Ghosts by Henrik Ibsen, translated and directed by Stephen Unwin, at Rose Theatre, Kingston.
Please note that the run at Rose Theatre Kingston has now finished, but this production will be touring with the English Touring Theatre. See here for venues and dates.
“The past is never dead. In fact, it’s not even past.”
- William Faulkner, from Requiem for a Nun
“The past is the present, isn’t it? And it’s the future too.”
- Mary Tyrone in Long Day’s Journey into Night, by Eugene O’Neill
The “exposition” is traditionally that part of the play in which the audience is provided with the background information that is required to follow the action. Usually, this required information deals with events of the past, and is generally imparted as quickly and as unobtrusively as possible, so as not to hold up the main action of the drama. But there is a certain type of play in which the past is itself the essence of the drama – where the “main action of the drama” is the process of understanding, and of coming to terms with (or, more frequently, of not being able to come to terms with) the events of the past. In these instances, the entire play becomes, in effect, one long exposition. Such plays aren’t new: Sophocles’ Oedipus the King is a prime example. And these plays continued into the twentieth century – Eugene O’Neill’s Long Day’s Journey Into Night, for instance. But perhaps no other dramatist more insistently explored the impact of the past on the present than did Henrik Ibsen: Rosmersholm, The Master Builder, John Gabriel Borkman, and, in particular, Ghosts, all see the present as something that has been shaped by the past, as something in which the ghosts of the past continue to haunt, and cannot be banished. There is no escaping these ghosts, much though we may long to. “The air is thick with ghosts,” says Mrs Alving early in the play, possibly not realising at the time the terrible implications of this.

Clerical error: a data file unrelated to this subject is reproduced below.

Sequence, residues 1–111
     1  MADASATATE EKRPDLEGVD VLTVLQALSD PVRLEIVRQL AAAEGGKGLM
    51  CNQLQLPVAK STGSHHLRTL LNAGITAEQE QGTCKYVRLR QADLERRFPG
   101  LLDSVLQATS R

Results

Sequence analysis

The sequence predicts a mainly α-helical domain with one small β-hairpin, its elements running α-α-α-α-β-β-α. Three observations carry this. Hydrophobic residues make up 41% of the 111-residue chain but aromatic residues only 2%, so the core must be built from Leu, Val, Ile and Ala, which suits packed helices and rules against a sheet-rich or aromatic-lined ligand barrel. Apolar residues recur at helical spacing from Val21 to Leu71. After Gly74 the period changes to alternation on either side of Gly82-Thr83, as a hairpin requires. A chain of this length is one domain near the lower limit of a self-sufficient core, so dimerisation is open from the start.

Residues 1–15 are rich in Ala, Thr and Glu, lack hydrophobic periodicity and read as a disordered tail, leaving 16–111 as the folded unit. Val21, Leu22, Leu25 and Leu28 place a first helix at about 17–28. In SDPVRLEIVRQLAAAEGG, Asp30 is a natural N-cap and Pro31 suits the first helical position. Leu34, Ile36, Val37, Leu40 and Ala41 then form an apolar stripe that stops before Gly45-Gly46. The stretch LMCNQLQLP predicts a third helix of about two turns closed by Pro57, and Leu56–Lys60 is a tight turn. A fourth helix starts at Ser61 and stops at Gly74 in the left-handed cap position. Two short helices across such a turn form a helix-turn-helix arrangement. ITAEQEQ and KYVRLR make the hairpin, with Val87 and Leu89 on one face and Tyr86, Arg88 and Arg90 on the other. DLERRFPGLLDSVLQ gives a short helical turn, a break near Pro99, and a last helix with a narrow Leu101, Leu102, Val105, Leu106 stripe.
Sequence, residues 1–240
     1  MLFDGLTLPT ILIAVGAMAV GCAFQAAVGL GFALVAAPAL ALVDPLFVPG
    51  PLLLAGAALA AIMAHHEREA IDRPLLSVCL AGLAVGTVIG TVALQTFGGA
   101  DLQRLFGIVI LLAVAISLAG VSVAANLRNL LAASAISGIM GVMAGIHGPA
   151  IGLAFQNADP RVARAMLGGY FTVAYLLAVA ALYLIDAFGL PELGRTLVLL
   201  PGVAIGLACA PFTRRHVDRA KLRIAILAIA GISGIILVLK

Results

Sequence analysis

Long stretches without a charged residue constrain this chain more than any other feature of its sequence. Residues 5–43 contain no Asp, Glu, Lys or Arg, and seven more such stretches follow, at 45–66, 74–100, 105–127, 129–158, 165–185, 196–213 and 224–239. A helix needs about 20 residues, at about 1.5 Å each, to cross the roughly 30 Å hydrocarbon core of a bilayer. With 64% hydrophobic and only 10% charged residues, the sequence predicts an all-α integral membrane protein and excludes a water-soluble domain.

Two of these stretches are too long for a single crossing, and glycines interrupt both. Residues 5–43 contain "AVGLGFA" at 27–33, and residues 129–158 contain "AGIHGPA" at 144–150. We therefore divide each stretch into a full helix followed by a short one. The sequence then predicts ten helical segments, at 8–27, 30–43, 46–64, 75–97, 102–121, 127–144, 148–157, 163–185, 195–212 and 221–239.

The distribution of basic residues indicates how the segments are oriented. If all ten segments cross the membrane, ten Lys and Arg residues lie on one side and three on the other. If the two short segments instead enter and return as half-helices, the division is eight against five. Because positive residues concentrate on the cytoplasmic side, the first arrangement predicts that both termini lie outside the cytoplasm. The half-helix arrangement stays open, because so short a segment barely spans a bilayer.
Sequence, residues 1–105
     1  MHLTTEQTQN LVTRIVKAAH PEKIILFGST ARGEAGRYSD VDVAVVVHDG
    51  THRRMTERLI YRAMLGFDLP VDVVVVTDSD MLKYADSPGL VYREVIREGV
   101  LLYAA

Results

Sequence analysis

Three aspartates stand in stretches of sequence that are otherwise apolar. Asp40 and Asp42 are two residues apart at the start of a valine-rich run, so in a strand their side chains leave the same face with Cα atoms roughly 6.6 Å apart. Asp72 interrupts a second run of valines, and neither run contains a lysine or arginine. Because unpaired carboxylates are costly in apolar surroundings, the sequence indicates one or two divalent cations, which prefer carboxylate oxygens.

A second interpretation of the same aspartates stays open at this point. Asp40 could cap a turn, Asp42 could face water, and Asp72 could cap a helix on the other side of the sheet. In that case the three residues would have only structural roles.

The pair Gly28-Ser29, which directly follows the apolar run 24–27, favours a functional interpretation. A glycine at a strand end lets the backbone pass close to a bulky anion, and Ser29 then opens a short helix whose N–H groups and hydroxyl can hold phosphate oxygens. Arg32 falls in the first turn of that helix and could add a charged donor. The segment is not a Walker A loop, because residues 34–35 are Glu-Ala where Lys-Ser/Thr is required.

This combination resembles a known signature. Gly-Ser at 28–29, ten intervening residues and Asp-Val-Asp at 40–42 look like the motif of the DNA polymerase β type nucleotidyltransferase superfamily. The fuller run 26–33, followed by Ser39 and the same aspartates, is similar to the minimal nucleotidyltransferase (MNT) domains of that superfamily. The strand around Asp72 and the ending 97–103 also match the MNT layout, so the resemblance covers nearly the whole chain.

This focus on the past from which there is no escape gives these plays a sense of constriction, of being trapped in a machine that cannot be anything other than infernal. The scene here is the middle-class drawing room that certain later critics and playwrights have seen fit to mock as “bourgeois”; but the contents of this particular “bourgeois drama” did more to “épater la bourgeoisie” than just about any other play one can think of. It’s not just the mechanisms of the plot – inherited syphillis, proposed incest, possible euthanasia – that were shocking: the very basis of the audience’s moral compass was subjected to an unremitting assault. Nowadays, of course, we aren’t so rigid – at least in the Western world – about moral codes of behaviour: we are far more likely now to laugh at the conventional morality of Pastor Manders, or, indeed, to see him as a caricature, than to nod away in agreement; but nonetheless, as this production amply demonstrated, this play’s ability to shock remains undimmed. And it is still there because, I think, it is only superficially about the inadequacy in our lives of conventional morality: considered at a deeper level, this play is about the ghosts that continue to haunt us – that terrible burden of the past from which none of us can ultimately free ourselves, and only in the context of which can we come to any self-understanding.